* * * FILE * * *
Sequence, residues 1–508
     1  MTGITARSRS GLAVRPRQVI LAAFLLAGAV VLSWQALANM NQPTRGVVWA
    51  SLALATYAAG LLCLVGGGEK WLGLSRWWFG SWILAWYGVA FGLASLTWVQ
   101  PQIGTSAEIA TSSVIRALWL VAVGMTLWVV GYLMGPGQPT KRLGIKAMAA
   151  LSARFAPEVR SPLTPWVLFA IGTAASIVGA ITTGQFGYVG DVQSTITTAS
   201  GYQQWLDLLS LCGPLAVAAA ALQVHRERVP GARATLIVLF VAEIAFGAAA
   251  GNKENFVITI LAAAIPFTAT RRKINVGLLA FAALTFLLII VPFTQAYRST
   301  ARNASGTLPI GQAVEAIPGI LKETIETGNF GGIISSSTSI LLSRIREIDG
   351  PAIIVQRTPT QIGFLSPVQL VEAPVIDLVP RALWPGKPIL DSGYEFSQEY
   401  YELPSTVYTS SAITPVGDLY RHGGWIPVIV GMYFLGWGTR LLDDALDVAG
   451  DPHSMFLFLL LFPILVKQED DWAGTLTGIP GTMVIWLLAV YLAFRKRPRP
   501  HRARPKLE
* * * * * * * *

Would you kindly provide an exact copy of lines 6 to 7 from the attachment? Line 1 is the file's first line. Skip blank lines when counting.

   201  GYQQWLDLLS LCGPLAVAAA ALQVHRERVP GARATLIVLF VAEIAFGAAA
   251  GNKENFVITI LAAAIPFTAT RRKINVGLLA FAALTFLLII VPFTQAYRST